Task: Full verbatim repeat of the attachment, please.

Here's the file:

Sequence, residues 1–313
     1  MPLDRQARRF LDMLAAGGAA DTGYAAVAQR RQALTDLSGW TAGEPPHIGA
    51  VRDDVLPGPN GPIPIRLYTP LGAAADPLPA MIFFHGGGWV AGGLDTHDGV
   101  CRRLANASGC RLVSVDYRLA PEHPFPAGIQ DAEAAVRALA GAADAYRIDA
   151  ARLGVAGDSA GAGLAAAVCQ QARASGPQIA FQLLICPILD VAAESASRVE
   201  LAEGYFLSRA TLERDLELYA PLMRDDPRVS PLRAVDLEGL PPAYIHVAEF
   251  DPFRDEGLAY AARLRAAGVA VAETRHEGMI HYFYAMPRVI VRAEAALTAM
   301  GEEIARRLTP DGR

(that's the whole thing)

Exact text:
Sequence, residues 1–313
     1  MPLDRQARRF LDMLAAGGAA DTGYAAVAQR RQALTDLSGW TAGEPPHIGA
    51  VRDDVLPGPN GPIPIRLYTP LGAAADPLPA MIFFHGGGWV AGGLDTHDGV
   101  CRRLANASGC RLVSVDYRLA PEHPFPAGIQ DAEAAVRALA GAADAYRIDA
   151  ARLGVAGDSA GAGLAAAVCQ QARASGPQIA FQLLICPILD VAAESASRVE
   201  LAEGYFLSRA TLERDLELYA PLMRDDPRVS PLRAVDLEGL PPAYIHVAEF
   251  DPFRDEGLAY AARLRAAGVA VAETRHEGMI HYFYAMPRVI VRAEAALTAM
   301  GEEIARRLTP DGR